In a recently published paper in Tissue Engineering Part C: Methods entitled “3D Neural Spheroid Culture: An In Vitro Model for Cortical Studies“, researchers from Brown University reported a method to produce spheres like mini-brains containing central nervous system tissue. These mini-brains have no thinking ability but are relevant as cheap and simple 3-D testbeds for neuroscience research.
The brain is the most complex organ in the body which serves as center of the nervous system that controls many aspects of human’s daily routine like thoughts, memory, movement and, speech. It is composed primarily of two broad classes of cells: i) neurons and, ii) other cells called glial cells that have the role of providing neurons with structural and metabolic support, insulation, and guidance for development. Physiologically, brain function depends on the ability of neurons to transmit/receive electrochemical signals to/from other cells. The latter is controlled by a variety of biochemical and metabolic processes. When the brain is healthy, it works quickly and automatically but when problems rise, this may lead to serious issues like vision loss, memory impairment, weakness and, paralysis. Brain diseases range from mild like headaches to irreversible conditions as those related to neurodegeneration like Alzheimer’s and Parkinson’s diseases. Signs and symptoms of brain illnesses depend on the specific problem. For example, while patients with Parkinson’s suffer mainly from motor related issues, Alzheimer’s patients experience substantial memory loss.
To understand brain related diseases as well as to design and develop appropriate therapies, scientists and clinicians must perform clinical research and validate findings on human patients. Because of the complexity of regulations related to clinical research involving humans, most of preclinical studies are performed using animal models. However, the procedures are generally time consuming and expensive because even tests with rodents have their proper regulations and require approval from animal care units. To overcome these problems and provide a cheap and fast way to perform biomedical neuroscience tests, a team of scientists from Brown University developed balls like mini-brains that could be utilized as testbeds for drug testing, neural tissue transplants, and mechanism studies of brain related diseases. These mini-brains are able to form neural connections and produce electric signals, but they are not able of thinking.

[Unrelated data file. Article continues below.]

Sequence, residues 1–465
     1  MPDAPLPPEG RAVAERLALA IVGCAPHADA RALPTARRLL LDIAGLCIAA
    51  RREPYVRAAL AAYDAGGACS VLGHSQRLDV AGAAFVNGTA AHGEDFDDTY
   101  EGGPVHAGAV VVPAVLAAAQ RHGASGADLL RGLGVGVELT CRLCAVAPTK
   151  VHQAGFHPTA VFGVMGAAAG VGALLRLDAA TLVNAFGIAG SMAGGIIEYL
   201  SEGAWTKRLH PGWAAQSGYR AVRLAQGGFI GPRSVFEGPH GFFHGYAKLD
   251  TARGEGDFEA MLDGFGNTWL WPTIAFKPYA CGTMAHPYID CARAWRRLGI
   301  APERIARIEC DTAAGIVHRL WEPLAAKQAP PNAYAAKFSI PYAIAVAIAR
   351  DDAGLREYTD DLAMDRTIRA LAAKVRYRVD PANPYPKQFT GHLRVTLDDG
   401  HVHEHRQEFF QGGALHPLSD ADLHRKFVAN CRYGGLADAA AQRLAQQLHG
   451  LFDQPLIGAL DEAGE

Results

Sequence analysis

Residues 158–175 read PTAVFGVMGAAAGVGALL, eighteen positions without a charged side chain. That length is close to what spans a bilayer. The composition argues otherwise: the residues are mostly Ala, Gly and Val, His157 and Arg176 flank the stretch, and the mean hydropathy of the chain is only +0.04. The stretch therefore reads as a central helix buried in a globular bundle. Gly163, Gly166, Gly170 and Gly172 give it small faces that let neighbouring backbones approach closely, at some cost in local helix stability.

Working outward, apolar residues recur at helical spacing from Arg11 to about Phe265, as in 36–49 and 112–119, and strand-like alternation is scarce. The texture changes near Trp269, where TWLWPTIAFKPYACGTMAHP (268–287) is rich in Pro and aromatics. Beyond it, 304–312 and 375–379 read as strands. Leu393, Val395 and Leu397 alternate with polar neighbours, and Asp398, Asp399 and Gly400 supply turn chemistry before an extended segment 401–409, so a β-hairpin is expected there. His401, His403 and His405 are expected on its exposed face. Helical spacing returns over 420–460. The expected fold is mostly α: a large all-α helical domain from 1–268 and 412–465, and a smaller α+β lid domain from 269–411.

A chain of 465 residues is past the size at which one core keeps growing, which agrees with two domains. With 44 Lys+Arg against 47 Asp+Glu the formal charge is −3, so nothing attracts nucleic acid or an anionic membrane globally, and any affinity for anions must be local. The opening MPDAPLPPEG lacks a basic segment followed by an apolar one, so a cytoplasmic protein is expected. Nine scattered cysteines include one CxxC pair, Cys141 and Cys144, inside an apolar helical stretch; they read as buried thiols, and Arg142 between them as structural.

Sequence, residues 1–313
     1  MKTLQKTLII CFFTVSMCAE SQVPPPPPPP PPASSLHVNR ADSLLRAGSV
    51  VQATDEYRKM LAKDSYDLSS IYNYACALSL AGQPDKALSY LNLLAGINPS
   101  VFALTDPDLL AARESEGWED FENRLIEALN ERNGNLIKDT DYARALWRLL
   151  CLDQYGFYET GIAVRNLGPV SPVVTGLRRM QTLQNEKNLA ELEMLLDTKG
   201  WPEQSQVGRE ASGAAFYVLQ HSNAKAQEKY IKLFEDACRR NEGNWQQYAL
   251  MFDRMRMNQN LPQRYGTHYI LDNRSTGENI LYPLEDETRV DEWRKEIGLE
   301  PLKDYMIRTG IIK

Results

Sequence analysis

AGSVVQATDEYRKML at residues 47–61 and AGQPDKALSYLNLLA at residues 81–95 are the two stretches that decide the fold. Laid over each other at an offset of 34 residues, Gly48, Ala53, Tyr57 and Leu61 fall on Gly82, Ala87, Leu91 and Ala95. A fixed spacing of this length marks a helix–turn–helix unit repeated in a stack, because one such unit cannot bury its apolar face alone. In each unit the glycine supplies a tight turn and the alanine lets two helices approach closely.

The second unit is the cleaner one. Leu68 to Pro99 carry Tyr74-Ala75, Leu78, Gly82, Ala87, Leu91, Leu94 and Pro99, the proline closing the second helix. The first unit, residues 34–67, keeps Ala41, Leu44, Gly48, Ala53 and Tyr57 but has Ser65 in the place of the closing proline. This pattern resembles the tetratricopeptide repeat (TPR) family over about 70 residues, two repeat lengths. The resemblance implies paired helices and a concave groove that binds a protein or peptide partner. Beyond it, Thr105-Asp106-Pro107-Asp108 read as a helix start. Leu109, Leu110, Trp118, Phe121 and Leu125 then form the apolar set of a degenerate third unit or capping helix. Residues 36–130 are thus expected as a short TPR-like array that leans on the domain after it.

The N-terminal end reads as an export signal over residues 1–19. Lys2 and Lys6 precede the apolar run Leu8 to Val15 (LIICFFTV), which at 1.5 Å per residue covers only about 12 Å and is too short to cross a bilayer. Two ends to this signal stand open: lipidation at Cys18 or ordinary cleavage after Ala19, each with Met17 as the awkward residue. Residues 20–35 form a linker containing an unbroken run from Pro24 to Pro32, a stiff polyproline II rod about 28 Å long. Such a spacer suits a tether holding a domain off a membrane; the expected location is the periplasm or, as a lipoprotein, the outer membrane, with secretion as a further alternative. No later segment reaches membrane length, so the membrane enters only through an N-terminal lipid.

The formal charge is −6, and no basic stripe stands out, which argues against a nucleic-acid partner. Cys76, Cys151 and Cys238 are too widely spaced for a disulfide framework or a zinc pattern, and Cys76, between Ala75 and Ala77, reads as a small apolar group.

Experimentally, the researchers used a simple method to produce the mini-brains which consist of isolating and concentrating the desired brain cells, and then grow the cells in vitro onto mold of agarose spheres. The results suggested that brain tissue modified mini-spheres start to form within a day and then form complex 3-D neural networks within two to three weeks following culture. Besides, because the spheres are tiny, only small amounts of living tissue taken from rodents were required, and hence small living tissue samples would yield thousands of mini-brains of millimeters in diameter. More importantly, production of these mini-brains is surprisingly inexpensive and costs only about $0.25 per unit.
Currently, development of the technology is undertaken by MicroTissues Inc. (Morgan’s Providence startup company) that produces 3-D tissue engineering molds of mini-brains with several important properties. This includes the possibility of culturing diverse types of cells like neuronal and support glia cells to produce electrically active 3-D tissues networks. In addition, the resulting tissues have densities and mechanical properties similar to those of rodent brain and can survive for at least a month.
The mini-brain concept looks very promising for future neuroscience investigations that will allow 3-D studies of brain related problems, including Parkinson’s disease. Though the mini-brain system is not the most sophisticated working cell culture of a central nervous system, it provides an easy and cheap alternative to perform neuroscience clinical studies that could reduce animal use. “If you are that person in that lab, we think you shouldn’t have to equip yourself with a microelectronics facility, and you shouldn’t have to do embryonic dissections in order to generate an in vitro model of the brain,” said study author Dr. Hoffman-Kim said.
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